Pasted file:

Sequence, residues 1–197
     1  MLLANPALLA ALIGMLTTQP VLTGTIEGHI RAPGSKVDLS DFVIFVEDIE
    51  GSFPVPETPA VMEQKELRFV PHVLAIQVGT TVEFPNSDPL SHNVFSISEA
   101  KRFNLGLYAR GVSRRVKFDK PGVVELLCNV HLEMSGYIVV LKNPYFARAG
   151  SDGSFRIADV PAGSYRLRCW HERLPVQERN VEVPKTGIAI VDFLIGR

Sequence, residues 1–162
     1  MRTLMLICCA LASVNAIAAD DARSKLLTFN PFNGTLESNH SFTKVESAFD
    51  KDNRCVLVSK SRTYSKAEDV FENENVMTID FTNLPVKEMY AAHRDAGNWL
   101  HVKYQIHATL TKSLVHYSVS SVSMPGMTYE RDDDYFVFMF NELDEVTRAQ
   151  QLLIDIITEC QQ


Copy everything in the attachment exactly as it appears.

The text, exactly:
Sequence, residues 1–197
     1  MLLANPALLA ALIGMLTTQP VLTGTIEGHI RAPGSKVDLS DFVIFVEDIE
    51  GSFPVPETPA VMEQKELRFV PHVLAIQVGT TVEFPNSDPL SHNVFSISEA
   101  KRFNLGLYAR GVSRRVKFDK PGVVELLCNV HLEMSGYIVV LKNPYFARAG
   151  SDGSFRIADV PAGSYRLRCW HERLPVQERN VEVPKTGIAI VDFLIGR

Sequence, residues 1–162
     1  MRTLMLICCA LASVNAIAAD DARSKLLTFN PFNGTLESNH SFTKVESAFD
    51  KDNRCVLVSK SRTYSKAEDV FENENVMTID FTNLPVKEMY AAHRDAGNWL
   101  HVKYQIHATL TKSLVHYSVS SVSMPGMTYE RDDDYFVFMF NELDEVTRAQ
   151  QLLIDIITEC QQ